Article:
If, like I did, you grew up listening to independent music and college radio in the 1980s, then you probably loved The Replacements. The Minneapolis band led by singer/songwriter Paul Westerberg could be brilliant and heart-rending and they could also be a shambolic drunken mess.
A new movie, “Color Me Obsessed,” tracks their career, which lasted from their formation in 1979 to their dissolution in 1991. It’s directed by Gorman Bechard and takes the rare tact of featuring neither music nor interviews with the actual band members. Instead, the movie focuses on fans of the beloved ‘Mats, as they were known, and what the music meant to them.
My colleague, Will Harris, of the Virginian-Pilot runs it down:
“Bechard rationalized that the methodology made perfect sense for a film about the Replacements, whose first video, “Bastards of Young,” consisted almost exclusively of a close-up of a stereo speaker.
“I love people who spit in the face of tradition and basically just do it for themselves,” Bechard said. “If you fall on your face, you fall on your face, but at least you fall on your face trying something new.”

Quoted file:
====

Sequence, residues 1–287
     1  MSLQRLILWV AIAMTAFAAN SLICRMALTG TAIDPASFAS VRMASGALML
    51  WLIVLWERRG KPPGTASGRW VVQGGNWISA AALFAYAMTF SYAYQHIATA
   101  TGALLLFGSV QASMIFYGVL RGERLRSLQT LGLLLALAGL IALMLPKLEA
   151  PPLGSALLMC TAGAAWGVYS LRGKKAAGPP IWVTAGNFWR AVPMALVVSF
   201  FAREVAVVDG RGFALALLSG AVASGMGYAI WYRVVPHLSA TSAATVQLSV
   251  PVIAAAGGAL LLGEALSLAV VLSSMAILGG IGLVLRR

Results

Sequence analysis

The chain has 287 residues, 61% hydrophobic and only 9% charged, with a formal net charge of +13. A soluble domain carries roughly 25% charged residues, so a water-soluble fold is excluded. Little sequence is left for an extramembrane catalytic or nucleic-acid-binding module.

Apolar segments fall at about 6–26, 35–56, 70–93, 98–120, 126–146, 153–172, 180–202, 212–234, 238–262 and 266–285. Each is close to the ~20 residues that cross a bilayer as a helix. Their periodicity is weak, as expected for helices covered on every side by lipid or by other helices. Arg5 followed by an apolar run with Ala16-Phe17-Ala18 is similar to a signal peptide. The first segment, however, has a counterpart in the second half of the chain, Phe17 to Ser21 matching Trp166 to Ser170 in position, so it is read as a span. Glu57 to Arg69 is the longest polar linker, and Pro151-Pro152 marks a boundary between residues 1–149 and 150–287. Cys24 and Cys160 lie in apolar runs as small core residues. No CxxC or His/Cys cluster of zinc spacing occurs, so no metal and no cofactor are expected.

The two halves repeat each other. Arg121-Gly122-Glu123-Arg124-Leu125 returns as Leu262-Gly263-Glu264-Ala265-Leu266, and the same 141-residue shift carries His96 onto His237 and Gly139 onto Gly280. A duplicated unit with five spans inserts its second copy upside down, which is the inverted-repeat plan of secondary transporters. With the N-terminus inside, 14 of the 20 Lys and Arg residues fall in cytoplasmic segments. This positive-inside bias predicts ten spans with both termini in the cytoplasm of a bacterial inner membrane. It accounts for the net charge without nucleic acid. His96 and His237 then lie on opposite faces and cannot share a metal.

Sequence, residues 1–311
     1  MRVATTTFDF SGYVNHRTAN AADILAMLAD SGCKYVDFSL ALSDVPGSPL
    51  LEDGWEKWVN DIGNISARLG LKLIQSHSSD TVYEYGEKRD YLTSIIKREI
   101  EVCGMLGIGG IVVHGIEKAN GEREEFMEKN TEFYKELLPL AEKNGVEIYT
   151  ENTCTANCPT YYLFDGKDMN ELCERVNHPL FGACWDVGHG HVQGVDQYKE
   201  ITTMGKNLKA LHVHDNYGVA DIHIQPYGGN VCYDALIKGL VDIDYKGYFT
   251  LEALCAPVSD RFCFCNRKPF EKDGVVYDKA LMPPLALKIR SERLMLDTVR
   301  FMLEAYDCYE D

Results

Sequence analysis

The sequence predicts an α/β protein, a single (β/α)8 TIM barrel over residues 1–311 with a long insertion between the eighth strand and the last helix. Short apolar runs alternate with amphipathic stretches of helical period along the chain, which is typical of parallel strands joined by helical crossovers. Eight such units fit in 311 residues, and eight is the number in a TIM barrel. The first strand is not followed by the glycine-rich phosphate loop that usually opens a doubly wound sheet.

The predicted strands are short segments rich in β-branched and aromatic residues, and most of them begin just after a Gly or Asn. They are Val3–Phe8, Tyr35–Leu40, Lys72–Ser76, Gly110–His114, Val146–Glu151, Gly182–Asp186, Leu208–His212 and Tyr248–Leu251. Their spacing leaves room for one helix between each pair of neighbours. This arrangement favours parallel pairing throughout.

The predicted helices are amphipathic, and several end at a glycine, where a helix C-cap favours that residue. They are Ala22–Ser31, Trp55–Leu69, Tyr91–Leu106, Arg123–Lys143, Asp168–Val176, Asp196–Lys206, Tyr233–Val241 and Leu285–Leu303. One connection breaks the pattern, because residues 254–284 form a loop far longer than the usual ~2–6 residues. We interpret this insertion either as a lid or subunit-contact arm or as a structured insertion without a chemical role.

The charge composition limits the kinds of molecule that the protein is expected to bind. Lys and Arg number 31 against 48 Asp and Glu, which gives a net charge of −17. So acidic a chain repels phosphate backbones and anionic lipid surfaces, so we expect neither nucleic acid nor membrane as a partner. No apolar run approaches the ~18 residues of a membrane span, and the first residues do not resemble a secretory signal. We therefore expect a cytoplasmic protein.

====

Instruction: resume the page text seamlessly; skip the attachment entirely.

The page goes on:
The director had no trouble finding other notable musicians to offer their feelings on the ‘Mats – as the band is known to fans – with members of such acts as the Goo Goo Dolls and the Decemberists sitting down in front of the camera. Still, Bechard made certain to incorporate “average” fans into the proceedings as well.
“There’s a guy who’s in the movie a lot, his name is Robert Voedisch, and when you see the movie, you’ll understand that he’s sort of the uber-fan,” Bechard said. “He literally describes the band at one point as his oxygen, and you can tell that he really means it. In a way, they probably saved his life.”
Read the full story here.